The Latency in the Nigerian Stock Exchange

The Latency in the Nigerian Stock Exchange

The stock of Kodak, a film photography pioneer, rose so fast that it tripped 20 circuit breakers in a single day. The U.S. government has announced the company will be transformed into a pharmaceutical producer under the Defense Production Act. Just like that, the stock went from $2.41 to close to $50. Now, why do we not have the same trajectory in Nigeria? Largely, the Nigerian Stock Exchange is not moved by news that spontaneously. GTBank declares record profits, the next day, the stock goes down! Dangote was mistakenly appointed by APC as part of a presidential campaign team, the stocks did not move (trading hours), despite the obvious risk. What is going on in NSE? The latency between events and when stocks begin to correlate in NSE surprises me.

Kodak begins a new era, moving into pharmaceuticals with massive government loans. Yes, go into generic drugs and leave cameras for Samsung, Apple and others.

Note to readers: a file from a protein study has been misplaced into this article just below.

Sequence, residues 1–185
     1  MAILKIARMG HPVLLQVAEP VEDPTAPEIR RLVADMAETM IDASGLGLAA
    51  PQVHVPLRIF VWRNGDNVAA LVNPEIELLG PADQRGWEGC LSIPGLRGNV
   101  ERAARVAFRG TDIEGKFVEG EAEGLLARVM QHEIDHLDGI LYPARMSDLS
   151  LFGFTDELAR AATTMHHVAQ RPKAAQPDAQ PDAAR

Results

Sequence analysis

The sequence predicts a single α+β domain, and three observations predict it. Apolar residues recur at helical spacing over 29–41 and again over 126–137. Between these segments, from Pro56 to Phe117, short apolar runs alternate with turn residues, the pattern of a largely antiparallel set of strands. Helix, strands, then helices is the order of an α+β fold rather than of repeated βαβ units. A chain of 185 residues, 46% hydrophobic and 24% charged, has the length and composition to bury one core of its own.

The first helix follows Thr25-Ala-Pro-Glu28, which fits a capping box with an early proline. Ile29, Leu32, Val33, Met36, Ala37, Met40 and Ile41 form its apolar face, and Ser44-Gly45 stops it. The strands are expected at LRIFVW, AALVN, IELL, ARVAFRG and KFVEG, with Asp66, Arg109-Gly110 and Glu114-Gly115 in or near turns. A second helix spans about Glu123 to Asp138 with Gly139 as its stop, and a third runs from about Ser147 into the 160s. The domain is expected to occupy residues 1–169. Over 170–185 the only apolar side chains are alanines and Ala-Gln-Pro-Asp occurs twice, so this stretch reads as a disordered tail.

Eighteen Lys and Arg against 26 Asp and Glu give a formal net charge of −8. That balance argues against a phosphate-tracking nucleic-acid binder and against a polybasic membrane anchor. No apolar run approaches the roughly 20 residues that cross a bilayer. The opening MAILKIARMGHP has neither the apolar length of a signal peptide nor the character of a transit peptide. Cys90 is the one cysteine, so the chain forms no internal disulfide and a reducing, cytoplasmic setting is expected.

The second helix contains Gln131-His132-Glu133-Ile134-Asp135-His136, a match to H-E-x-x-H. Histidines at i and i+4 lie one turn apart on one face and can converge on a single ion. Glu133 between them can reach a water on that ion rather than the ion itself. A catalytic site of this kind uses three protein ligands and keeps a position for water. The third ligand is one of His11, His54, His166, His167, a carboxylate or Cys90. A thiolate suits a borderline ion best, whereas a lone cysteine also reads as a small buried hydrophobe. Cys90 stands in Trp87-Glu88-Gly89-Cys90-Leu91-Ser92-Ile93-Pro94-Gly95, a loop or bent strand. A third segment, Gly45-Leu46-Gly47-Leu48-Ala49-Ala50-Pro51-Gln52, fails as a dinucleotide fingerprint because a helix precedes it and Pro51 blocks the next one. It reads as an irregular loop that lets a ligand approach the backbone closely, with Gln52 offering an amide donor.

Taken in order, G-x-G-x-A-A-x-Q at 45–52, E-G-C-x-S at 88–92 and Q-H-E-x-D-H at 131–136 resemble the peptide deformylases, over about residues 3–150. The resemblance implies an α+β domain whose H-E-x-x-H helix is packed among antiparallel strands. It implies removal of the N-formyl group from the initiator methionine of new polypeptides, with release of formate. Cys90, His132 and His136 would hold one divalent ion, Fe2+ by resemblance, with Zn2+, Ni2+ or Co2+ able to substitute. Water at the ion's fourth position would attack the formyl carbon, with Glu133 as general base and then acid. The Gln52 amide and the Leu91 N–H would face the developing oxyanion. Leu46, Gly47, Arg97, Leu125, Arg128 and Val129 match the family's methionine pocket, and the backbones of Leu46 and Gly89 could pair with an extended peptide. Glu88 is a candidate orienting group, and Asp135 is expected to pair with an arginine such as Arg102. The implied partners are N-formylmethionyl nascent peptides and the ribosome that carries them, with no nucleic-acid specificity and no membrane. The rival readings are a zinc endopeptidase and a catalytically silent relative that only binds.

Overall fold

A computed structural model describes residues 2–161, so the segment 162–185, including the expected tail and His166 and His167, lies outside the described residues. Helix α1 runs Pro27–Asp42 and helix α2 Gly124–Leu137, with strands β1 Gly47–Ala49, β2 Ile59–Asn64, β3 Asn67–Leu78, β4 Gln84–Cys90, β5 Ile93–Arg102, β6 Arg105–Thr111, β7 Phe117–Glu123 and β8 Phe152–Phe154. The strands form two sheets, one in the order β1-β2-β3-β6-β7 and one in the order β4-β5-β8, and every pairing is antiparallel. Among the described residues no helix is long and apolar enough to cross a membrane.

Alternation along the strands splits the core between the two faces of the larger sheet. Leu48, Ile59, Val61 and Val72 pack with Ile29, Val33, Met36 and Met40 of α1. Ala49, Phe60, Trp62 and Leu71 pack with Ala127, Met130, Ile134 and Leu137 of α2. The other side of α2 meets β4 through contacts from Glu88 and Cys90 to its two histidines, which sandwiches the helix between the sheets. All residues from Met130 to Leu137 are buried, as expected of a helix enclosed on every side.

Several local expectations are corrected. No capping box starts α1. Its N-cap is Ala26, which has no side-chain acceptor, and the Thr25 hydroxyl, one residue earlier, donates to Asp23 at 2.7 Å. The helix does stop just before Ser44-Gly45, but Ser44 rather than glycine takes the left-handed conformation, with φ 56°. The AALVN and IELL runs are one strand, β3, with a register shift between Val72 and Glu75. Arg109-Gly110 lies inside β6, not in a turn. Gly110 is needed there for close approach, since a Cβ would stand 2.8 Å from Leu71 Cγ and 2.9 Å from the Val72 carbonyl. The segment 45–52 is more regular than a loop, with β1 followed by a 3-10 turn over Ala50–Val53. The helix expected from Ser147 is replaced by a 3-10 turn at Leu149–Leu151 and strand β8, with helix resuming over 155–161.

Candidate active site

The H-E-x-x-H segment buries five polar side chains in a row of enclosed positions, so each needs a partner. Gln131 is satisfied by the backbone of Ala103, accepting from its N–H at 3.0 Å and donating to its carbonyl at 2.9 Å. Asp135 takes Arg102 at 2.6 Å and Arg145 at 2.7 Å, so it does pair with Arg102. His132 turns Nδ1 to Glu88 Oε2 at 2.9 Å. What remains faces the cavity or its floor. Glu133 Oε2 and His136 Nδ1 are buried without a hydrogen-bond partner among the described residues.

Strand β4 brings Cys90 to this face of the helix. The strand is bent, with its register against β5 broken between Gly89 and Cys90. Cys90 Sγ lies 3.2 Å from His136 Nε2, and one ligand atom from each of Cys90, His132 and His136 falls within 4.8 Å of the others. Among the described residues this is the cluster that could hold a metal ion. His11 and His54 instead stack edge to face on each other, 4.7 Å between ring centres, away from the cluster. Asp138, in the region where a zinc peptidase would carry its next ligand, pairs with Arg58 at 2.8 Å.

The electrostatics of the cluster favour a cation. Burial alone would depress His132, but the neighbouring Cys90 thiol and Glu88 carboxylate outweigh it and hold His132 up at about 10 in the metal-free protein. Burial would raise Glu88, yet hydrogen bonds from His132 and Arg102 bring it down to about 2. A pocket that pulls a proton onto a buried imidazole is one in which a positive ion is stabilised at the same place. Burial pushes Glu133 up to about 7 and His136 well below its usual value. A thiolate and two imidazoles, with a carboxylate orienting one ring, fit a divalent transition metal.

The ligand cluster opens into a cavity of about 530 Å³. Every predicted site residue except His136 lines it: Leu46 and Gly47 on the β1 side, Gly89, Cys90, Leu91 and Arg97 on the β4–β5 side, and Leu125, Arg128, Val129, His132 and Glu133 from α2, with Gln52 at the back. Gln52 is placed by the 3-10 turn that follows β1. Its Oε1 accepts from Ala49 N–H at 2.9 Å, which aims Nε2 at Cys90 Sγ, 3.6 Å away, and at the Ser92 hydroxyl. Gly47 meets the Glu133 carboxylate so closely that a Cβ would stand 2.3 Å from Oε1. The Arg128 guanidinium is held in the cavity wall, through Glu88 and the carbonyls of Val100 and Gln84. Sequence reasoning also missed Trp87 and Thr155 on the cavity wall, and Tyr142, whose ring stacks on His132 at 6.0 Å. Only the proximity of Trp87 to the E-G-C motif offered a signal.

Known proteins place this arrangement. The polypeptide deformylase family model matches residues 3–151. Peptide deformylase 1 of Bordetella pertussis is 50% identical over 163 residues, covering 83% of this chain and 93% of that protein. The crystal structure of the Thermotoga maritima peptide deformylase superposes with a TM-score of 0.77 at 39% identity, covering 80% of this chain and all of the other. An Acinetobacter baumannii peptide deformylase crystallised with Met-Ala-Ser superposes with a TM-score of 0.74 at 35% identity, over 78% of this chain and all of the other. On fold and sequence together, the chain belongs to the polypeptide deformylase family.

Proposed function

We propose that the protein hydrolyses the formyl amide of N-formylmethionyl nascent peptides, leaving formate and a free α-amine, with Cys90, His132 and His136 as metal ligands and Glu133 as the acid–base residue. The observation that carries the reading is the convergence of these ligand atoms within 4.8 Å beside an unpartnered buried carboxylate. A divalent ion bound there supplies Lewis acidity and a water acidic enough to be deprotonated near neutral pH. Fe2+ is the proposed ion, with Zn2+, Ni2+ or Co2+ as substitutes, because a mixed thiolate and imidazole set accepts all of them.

Thanks to a $765 million government loan under the Defense Production Act, Kodak is moving into drug production. The former film leader is going to make a bunch of generic drugs, such as the antimalarial drug hydroxychloroquine, to reduce the U.S.’s dependence on countries such as China and India. President Trump: “It’s a breakthrough in bringing pharmaceutical manufacturing back to the United States.” Fujifilm made a similar pivot, and health care and material solutions now makes up 43% of that company’s total revenues (Fortune)

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One thought on “The Latency in the Nigerian Stock Exchange

  1. Our Stock Exchange is like a static website, nothing happens until you go to the codes and alter them.

    Every sector here is decoupled and broken, anything happening in one doesn’t really affect the other, they are all silos.

    If the president says he has done his best on security, the market is immune to such statement, and if he decides to be mute for six months, the market still won’t notice.

    What could collapse a government will happen in Nigeria, and the best you can get is yawn from the public, so the Stock Exchange has as remained alien to whatever that is happening in the mainstream market.

    Kodak has been given a chance to live again, and it appears it’s grabbing the opportunity with both hands.

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